Reports out of Alaska indicate that several foreign energy companies are interested in building a major system for the transportation of Alaska North Slope natural gas, a federal government coordinator for the project said.

“Rumors abound that companies,” such as Spain’s Repsol, BG Group plc and Chinese interests, “have been asking questions that would indicate their interest,” said Drue Pearce, federal coordinator for Alaska Natural Gas Transportation Projects.

“Consulting, engineering, construction and other companies — large and small — from around the world are trying to figure out where they might hitch their wagons,” she noted. “The Alaska rumor mill is at peak pitch at the moment and will likely continue…at that level until the Nov. 30 deadline when we all see who came to the governor’s party.”

After the new Nov. 30 deadline, commissioners of the state’s Departments of Natural Resources and Revenue will review the proposals to determine which ones meet the requirements of Gov. Sarah Palin’s Alaska Gasline Inducement Act (AGIA). The state is expected to select a project application in January-February 2008, and then forward it to the state legislature for approval.

Some of the foreign companies are interested in building a pipeline to transport North Slope natural gas to the Port of Valdez, AK, where it could be liquefied and shipped by tankers to markets overseas, Pearce said.

As for U.S. and Canadian companies, “Enbridge has said they will not be applying” under Palin’s AGIA to build a natural gas transportation system, she noted. The major North Slope producers, ExxonMobil, ConocoPhillips and BP, “did not support AGIA during the legislative process and are not expected to submit conforming applications.”

During the term of former Alaska Gov. Frank Murkowski, the three producers had agreed on a 3,600-mile pipeline project that would have delivered 4.5 Bcf/d of gas from the North Slope to U.S. Midwest markets. But Palin’s AGIA has put that project in limbo.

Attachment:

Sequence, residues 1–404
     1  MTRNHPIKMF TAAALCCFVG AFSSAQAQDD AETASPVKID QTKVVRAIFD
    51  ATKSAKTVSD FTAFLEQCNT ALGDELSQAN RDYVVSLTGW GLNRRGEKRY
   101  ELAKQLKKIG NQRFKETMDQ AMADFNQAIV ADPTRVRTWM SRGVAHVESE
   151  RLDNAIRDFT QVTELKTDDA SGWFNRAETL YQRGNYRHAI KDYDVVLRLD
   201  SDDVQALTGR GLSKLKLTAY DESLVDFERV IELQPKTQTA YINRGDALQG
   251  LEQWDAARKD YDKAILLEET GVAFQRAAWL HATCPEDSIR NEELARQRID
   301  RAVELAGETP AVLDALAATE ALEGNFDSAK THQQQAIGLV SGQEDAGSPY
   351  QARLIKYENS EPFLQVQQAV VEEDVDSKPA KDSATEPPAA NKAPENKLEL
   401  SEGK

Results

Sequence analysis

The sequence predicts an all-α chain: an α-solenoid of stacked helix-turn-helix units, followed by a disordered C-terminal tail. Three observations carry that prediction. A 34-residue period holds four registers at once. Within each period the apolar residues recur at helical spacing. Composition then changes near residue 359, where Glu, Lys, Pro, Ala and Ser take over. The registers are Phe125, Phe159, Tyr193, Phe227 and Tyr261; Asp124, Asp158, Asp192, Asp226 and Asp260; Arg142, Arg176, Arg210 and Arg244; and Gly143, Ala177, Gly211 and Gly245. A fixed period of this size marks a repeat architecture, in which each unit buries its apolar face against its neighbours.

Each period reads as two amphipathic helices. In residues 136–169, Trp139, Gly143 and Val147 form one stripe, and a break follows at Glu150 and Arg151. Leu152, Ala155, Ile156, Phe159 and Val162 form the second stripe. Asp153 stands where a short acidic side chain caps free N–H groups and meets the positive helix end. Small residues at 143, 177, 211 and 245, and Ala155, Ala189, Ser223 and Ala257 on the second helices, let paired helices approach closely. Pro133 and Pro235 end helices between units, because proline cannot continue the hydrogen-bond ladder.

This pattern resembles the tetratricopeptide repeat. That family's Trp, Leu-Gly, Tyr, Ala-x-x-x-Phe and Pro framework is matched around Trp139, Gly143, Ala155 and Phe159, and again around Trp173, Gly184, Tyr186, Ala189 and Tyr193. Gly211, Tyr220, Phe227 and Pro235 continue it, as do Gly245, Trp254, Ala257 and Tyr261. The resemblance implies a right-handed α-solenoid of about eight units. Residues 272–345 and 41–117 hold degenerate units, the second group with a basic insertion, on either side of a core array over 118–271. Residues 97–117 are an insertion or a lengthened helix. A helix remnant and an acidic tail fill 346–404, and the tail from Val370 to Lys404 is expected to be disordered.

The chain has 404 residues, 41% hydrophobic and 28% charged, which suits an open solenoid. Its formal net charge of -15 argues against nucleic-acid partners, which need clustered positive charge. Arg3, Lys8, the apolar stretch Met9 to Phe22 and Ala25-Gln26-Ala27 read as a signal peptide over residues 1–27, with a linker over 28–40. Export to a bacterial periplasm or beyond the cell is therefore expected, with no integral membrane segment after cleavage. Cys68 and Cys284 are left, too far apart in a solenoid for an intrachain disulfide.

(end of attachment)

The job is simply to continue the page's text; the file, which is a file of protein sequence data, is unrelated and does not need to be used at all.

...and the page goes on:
Others have expressed “great interest,” Pearce said. “The [Alaska Gasline] Port Authority and TransCanada were early players during the former governor’s [Murkowski’s] negotiations. MidAmerican [Energy] came to the table during the legislative session.”

She noted that “it’s been difficult to…plan for the prefiling process and beyond when we don’t know who the sponsor will be nor what route or type project to expect.”

Whatever project is ultimately chosen — be it a long-line pipeline from the North Slope to U.S. Midwest markets, a combination pipeline and liquefied natural gas (LNG) terminal or other — Pearce noted that Alaska has a lot of natural gas to tap. It is estimated that the state has discovered conventional resources of 35 Tcf onshore, undiscovered conventional resources of 72 Tcf onshore and 97 Tcf offshore; and 44 Tcf of coalbed gas.

Despite the abundance of natural gas, there are skeptics who believe that an Alaska transportation system will never be built. Efforts to build a pipeline from Alaska to the Lower 48 states has been under way since the early 1970s, but the mammoth project has never been realized due to the staggering costs that might not be recovered in the price of gas, regulatory hurdles, stiff environmental requirements and the ongoing debate over what form the project should take, what the route should be and who should be involved in the construction.

Talk about the project revived in recent years as the price of natural gas has gone up, making the economics appear more attractive. However, the estimated cost of the project also has gone up, making it a very large risk for whomever ultimately builds it..

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